Keywords

References

[1]  Central Water Commission (CWC). “Manual on Flood Forecasting”, River Management Wing, New Delhi, 1989.
 
[2]  Biswasroy M., Roy P.K, Samal N.R., Mazumdar, A. “Socio-economic Valuations of Wetland Based Occupations of Lower Gangetic Basin through Participatory Approach”, Environment and Natural Resources Research, 2(4): 30-44, 2012.
 
[3]  Sharma V. K. “Natural disaster management in national development- Indian perspective”, New united process publisher, 26: 32, 1997.
 
[4]  Dhar O.N., Nandargi S. “A study of floods in the Bramaputra basin in India”, Int. J. of Climatology, 20 ( 7-9):771-782, 2000.
 
[5]  Samal N.R., Roy D., Mazumdar A., Bose B. “Influence of thermal stratification on dissolved oxygen in Subhas Sarobar”, Kolkata. J. Curr. Sci., 7 (1): 259-266, 2004.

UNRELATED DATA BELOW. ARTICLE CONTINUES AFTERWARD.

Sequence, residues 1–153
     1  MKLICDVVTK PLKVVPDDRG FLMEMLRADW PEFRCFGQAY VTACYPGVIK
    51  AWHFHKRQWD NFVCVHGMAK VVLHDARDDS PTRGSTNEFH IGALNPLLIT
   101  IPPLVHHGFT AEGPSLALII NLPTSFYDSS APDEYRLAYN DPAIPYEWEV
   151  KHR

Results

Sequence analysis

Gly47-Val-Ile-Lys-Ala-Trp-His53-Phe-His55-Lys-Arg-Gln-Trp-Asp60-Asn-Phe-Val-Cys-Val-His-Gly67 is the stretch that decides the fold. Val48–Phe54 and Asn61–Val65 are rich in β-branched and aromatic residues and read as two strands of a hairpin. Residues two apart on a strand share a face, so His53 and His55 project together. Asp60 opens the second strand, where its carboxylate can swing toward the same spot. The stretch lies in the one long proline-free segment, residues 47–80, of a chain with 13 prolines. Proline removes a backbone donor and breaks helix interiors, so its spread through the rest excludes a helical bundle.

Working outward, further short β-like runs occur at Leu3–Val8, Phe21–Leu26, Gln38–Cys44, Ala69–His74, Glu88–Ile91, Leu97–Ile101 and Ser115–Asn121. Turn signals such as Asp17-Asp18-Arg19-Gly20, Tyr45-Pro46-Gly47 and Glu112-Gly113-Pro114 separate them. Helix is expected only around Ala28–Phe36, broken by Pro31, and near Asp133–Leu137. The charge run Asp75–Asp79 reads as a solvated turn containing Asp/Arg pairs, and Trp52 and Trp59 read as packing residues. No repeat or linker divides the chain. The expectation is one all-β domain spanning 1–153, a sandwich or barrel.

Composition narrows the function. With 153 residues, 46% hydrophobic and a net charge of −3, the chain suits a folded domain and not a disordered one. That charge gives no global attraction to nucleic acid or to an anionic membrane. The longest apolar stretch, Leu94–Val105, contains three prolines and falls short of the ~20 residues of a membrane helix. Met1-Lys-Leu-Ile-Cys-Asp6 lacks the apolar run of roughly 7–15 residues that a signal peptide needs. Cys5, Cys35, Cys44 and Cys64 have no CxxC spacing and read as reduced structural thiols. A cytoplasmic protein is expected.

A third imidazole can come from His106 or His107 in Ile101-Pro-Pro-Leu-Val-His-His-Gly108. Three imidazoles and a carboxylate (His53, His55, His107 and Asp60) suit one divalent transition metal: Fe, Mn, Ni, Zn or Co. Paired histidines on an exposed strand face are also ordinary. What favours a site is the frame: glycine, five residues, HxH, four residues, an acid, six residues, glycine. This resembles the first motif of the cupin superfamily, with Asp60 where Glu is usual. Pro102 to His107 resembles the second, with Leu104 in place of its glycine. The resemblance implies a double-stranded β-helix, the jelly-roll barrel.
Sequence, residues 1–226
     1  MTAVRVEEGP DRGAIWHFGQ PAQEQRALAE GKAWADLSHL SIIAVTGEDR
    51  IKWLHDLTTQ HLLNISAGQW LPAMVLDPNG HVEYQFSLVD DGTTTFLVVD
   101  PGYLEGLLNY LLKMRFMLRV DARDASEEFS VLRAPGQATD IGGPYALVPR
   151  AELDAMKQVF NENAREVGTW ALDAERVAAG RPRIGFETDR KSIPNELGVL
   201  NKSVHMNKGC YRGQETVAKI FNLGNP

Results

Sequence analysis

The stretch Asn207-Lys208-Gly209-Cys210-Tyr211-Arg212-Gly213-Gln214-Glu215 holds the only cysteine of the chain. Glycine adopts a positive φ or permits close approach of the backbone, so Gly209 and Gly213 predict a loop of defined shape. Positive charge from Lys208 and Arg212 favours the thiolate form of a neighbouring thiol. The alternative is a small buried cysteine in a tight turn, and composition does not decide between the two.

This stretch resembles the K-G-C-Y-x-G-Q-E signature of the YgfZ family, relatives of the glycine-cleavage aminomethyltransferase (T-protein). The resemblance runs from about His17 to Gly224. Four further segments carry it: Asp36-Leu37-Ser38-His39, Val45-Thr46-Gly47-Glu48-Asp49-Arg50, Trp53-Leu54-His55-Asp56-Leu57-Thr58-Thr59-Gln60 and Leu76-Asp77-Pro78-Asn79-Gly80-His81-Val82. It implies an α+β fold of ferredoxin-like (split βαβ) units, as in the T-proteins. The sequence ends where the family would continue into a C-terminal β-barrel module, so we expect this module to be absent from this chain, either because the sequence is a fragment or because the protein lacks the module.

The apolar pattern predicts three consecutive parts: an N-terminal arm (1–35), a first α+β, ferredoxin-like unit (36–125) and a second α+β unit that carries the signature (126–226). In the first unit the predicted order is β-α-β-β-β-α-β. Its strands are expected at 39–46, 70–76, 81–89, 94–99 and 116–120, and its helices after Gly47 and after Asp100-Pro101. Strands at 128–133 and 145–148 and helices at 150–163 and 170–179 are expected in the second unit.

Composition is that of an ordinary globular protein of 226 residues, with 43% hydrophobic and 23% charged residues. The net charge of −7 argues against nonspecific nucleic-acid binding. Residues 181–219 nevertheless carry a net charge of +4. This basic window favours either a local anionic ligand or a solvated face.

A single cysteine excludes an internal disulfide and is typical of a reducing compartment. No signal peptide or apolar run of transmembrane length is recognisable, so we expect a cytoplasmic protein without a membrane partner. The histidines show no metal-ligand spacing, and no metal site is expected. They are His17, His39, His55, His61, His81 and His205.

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[6]  Samal N.R., Roy, P.K., Biswasroy, M. and Mazumdar, A. 2014. Limnological Comparisons of Threats to Aquatic Life Owing to Thermal Stratification in two Morphometrically Different Urban Shallow Lakes, Sustainability, Agri, Food and Environmental Research, 2(1): 13-30.
 
[7]  Pal, M., Samal N.R., Roy, P.K. and Biswasroy, M. 2014. Temperature and dissolved oxygen stratification in the lake Rudrasagar: Preliminary investigations, Sustainability, Agri, Food and Environmental Research, 2(1): 1-12.
 
[8]  Samal, N.R., Roy, D., Mazumdar, A. and Bose, B. 2004. Seasonal Response of Water Temperature of Rabindra Sarobar, the National Lake, in relation to pH, Dissolved Oxygen, Biochemical Oxygen Demand and Chemical Oxygen Demand., Journal Public Health Enggs., Vol. 2004, No. 2, pp. 39-42.
 
[9]  Mazumdar, A., Samal, N.R., Roy, D. and Gangopadhyay, A. 2007. Physico-Chemical Characteristics of Water in a shallow lake Rabindra Sarobar in Metropolis Kolkata, Journal of Inst. of Enggs. (IE-CH), India, vol. 88, pp. 32-40.
 
[10]  Samal N.R., Mazumdar A. “Management of Lake Ecosystem”. J. of The Ekologia (The Ekol.), 3(2), 123-130, 2005.
 
[11]  Samal N.R., Roy P.K., Biswas M., Mazumdar A. “Summer thermal stratification: an indicator of water pollution in shallow lake”, J. Chem. Eng., Instit. Eng. (India), 90: 37-43, 2010.